Blending the sexy with the serious, Constitution Center presents full story of Prohibition

The National Constitution Center in Philadelphia has a new way of designing museum exhibitions. It just rolled out its first example.

“American Spirits: The Rise and Fall of Prohibition” traces the constitutional and cultural impact of the brief period when alcohol was outlawed in the United States.

With several immersive gallery rooms, visitors are able to step inside a temperance church where the national movement to go dry first gained traction, and a speakeasy where the 18th Amendment to the Constitution was openly flouted.

Ultimately, that teetotalling experiment failed.

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“Mabel Walker Willebrandt, who was the assistant attorney in charge of enforcement, said, ‘Prohibition hasn’t failed — we haven’t tried it yet,'” observes historian and curator Daniel Okrent, author of “Last Call: The Rise and Fall of Prohibition.”

“That was in 1929, after nine years of Prohibition,” he said. “The enforcement never worked.”

The era of Prohibition saw the most constitutional activity in America, second only to the document’s birth. Between 1913 and 1920 there were four amendments; three were interrelated. The 16th Amendment (1913) established a federal income tax, which freed the government from its reliance on alcohol tax revenues. The 19th Amendment (1920), establishing women’s right to vote, grew directly out of the political strength women garnered from abolition.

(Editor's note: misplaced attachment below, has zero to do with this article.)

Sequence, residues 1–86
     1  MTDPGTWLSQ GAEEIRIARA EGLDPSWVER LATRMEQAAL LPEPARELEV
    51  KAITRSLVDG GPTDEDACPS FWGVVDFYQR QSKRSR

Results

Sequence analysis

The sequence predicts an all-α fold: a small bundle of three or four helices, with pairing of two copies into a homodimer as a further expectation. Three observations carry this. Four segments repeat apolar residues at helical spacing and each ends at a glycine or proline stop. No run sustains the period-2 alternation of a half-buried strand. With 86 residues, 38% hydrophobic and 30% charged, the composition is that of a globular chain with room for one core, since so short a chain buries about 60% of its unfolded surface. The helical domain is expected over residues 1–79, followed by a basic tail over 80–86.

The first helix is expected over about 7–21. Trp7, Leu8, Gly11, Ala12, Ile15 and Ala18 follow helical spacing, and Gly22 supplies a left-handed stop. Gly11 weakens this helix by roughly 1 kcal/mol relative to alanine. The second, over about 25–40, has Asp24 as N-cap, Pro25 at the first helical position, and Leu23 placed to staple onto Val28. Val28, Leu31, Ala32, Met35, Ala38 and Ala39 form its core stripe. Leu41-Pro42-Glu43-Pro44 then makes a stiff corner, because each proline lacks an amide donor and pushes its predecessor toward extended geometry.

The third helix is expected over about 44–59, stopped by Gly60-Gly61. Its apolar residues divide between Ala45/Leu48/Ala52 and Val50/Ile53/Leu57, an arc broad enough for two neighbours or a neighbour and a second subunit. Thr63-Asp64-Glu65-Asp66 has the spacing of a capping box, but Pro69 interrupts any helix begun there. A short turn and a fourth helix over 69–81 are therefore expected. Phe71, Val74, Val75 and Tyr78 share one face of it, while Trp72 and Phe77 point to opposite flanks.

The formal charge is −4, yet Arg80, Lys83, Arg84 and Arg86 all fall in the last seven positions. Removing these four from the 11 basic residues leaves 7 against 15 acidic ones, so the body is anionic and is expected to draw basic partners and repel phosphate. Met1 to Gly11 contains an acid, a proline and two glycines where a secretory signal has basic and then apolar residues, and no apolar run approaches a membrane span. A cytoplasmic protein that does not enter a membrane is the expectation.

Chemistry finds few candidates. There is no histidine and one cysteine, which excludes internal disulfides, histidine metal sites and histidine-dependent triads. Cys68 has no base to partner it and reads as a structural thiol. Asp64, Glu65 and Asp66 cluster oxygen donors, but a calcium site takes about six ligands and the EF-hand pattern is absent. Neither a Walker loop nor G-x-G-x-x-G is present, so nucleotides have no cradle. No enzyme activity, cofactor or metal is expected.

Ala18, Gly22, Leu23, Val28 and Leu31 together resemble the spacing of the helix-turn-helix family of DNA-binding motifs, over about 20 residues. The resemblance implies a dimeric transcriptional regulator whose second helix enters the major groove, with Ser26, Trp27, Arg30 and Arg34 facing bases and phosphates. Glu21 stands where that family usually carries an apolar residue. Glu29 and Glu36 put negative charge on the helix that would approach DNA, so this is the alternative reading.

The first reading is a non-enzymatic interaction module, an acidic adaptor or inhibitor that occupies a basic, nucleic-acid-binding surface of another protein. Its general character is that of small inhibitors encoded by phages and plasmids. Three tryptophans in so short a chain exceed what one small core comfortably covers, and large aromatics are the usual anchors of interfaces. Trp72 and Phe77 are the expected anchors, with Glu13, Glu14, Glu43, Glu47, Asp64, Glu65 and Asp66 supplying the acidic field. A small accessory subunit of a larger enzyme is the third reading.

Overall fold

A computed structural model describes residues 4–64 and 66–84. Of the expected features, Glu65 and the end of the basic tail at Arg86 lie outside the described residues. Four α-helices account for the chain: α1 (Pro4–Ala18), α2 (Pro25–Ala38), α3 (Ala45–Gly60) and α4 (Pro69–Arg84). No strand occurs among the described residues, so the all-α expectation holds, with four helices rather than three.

The ax handle used by temperance crusader Carrie Nation to hack her way through saloons — destroying windows, mirrors, and barrels of beer — is on display, along with a multimedia immersion of what one of those saloons may have looked like.

Visitors can learn the Charleston on a dance floor marked with foot decals; brush up on cocktail recipes laminated into a bar top; and check out sequined flapper dresses. The can also take their picture in a mugshot lineup alongside Al Capone and Lucky Luciano.

Portable exhibit bound for other venues

The floor, the bar, the lineup, a ladies powder room, and everything else in the exhibition is designed to be easily taken down, boxed up, and reassembled in another city.

That portability is the part of the Constitution Center’s new vision. Facing a $4 million deficit, the center wants to do more than sell tickets. It wants to license its intellectual properties. The $1.5 million exhibition was funded by $500,000 from the National Endowment of the Humanities, and more than $1 million in fees paid by other museums around the country that will display the exhibition after its Philadelphia debut.

“So we basically covered our costs before we’re opening the door and doing our up-sell,” said CEO David Eisner.

The marketability of the Prohibition exhibit hinges on its ability to deliver both entertainment and constitutional insight. Toward that end, curator Stephanie Reyer created “Wayne Wheeler’s Amazing Amendment Machine,” a 20-foot-long mechanical contraption that uses cartoonish paper cutouts to show how the Anti-Saloon League lobbyist pushed an unlikely concept into national law. The machine would not look out of place in a fin de siecle sideshow circus.

“This is a very sexy topic, and it is not difficult to make sequins fun and sexy, and the Charleston and the speakeasy and organized crime all the thing people come to expect,” said Reyer. “But for us, one of the most important lessons we have to teach is the amendment process. It’s typically more boring — or difficult to teach, so we really tried very hard to make it engaging and alive and fun for people to understand it.”

Reyer says many institutions across the country have a mission similar to that of the Constitution Center — to present complicated issues from American history to a public which demands to be entertained. Those institutions are willing to pay it.

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